Maho Beach… Been There, Done That, Got the T-shirt!

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I’ve travelled to some truly special places to satisfy my passion for aviation photo opportunities. I’ve photographed airliners at London’s Heathrow and Amsterdam’s Schiphol airports, from Imperial Hill near LAX, and at a score of other interesting facilities around the world. One destination that had eluded me for some time was the famous Maho Beach approach to Princess Juliana International Airport on the Dutch side of Sint Maarten (Dutch spelling) island. By coincidence this past March, while searching itineraries that would mitigate the effects of a long cold New England winter, my wife Shirl found a cruise from New Orleans LA to Barcelona Spain whose first port of call just happened to be “The Friendly Island” of Saint Martin (English spelling). The cruise sounded exactly what we needed to warm ourselves up, and we quickly booked our cabin. Of course, a side trip to the airport went high on my (our) to-do list.

 

Noteworthy for photos and videos of airborne jumbo jets extremely close to the ground and for people being blasted by sand and debris from a departing jetliner, the opportunities from the beach near St. Maarten’s airport piqued my interest. Being close to aircraft in flight isn’t new to me, but watching other people’s reactions due to the proximity of the airplanes would be fun to see. And I’d experience that rush of excitement that I get when I’m close to the action.

Maho Beach is within walking distance of the airport passenger terminal, or a 30 minute taxi ride from downtown Phillipsburg where our ship arrived. After setting foot on land four days after leaving New Orleans, we quickly hailed a taxi. After some shopping in town, we set out for the airport with a two hour allowance for exploring the approach end of runway 10, before returning for our ship’s afternoon departure.


The local government has posted (famous) warning signs about injury and/or death hazards while being subjected to jetwash from the nearby runway. We didn’t see any big jets depart, so we didn’t witness the resulting sandblasting event (this wasn’t on my to-do list anyway). However, we did manage to catch a number of arrivals from a pair of vantage points, and these satisfied my curiosity.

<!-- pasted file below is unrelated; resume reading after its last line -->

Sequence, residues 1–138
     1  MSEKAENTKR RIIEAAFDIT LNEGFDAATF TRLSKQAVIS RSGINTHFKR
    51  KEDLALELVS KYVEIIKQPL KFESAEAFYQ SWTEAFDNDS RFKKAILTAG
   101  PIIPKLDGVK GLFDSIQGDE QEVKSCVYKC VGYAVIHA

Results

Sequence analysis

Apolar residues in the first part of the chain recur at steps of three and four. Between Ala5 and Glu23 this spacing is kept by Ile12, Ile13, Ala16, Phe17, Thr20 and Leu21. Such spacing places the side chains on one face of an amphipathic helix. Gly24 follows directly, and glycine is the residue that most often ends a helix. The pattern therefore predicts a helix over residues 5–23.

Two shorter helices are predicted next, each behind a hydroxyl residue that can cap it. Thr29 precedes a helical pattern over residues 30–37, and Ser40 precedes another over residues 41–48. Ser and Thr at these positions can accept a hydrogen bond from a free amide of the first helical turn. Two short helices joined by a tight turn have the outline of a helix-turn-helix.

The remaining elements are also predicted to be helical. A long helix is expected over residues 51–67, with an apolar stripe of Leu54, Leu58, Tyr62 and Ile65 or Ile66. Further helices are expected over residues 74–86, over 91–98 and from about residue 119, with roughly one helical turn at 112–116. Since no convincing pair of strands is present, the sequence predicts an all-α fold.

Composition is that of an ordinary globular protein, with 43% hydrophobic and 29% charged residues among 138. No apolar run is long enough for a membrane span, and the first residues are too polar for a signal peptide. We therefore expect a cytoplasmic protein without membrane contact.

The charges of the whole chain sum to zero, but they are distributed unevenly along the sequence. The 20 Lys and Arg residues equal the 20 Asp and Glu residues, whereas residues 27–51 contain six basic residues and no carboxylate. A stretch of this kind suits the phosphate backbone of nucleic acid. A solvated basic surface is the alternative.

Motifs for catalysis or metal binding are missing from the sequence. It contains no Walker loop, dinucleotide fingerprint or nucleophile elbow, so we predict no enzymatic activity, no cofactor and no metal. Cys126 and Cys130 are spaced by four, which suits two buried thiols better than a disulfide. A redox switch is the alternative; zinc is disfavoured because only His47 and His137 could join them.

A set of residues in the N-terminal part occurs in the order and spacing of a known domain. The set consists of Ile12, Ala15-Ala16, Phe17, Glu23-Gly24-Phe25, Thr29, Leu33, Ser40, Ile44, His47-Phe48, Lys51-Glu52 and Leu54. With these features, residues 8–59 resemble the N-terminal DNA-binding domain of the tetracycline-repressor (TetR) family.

The well-known Sunset Bar and Grille sits just southwest of the runway threshold, serving food and drink to tourists that flock to the beach. We walked onto the outdoor patio, found a pair of stools facing the bay, and ordered lunch and refreshments. There’s a surfboard mounted on a railing near the steps onto the beach; the schedule of arriving airliners was scrawled on it in chalk.   Only a few larger airliners were expected during our visit, but as we watched, there seemed to be a regional airliner or private aircraft inbound every ten minutes or so. I quickly photographed a pair of arriving Cessna Citations over the bay and discounted my concern about blowing sand fouling my camera and lens; only a departing jet could cause this problem.

 

You definitely don’t need a super telephoto lens to get decent photos from the Sunset’s patio. Some arrivals stay above the background buildings, while others are low enough to be photographed “in the weeds”. I quickly realized that if I included an aircraft’s shadow in a picture, whether cast upon water or beach sand, it aided with the perception of its low altitude. After lunch, I changed to a wider lens, and we walked onto the beach for some aircraft belly photos. Because of the turquoise-shaded waters in the bay, the color of your plane’s undersides will look blue… all part of the experience. The beach was alive with tourists taking “selfies” with arriving aircraft in the background; I found myself taking photos of people taking pictures of themselves… sounds kind of odd, doesn’t it? There were some serious photographers from all corners of the globe roaming about with some serious equipment tooi… I definitely wasn’t the only plane spotter there that day.

With a few good arrival sequences captured on my storage card, it was time to walk back to our taxi and return to the ship. I wanted to get a photo of the famous warning sign at the edge of the roadway, but a group of bystanders blocked it. Not wanting to miss our ship’s sailing, I gave up on taking that picture. Luckily, my wife spied a t-shirt in the Sunset’s gift shop with the warning message emblazoned across it; with souvenir in hand and photos from the visit, I fulfilled my desire to be a part of the excitement found at Maho Beach. Would I return? You bet! I’d like to spend a couple of days photographing a wider range of aircraft, including arriving and departing jumbos. It’s great fun to people watch, and there are a few excellent vantage points for photos and plane spotting too. Maho Beach is definitely one of those very special places that I’ve visited during my aviation-related travels, and worthy of a return trip.

Ken Kula

 

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Ken Kula

Assignment and Content Editor, writer and photographer A New Englander all of my life, I've lived in New Hampshire since 1981. My passion for all things aviation began at a very early age, and I coupled this with my interest of photography during college in the late 1970s. I spent 32 years in the air traffic control industry, and concurrently, enjoyed my aviation photography and writing adventures, which continue today. I've been quite fortunate to have been mentored by some generous and gifted individuals. I enjoy contributing to this great site, and working with some very knowledgeable and equally passionate aviation followers.

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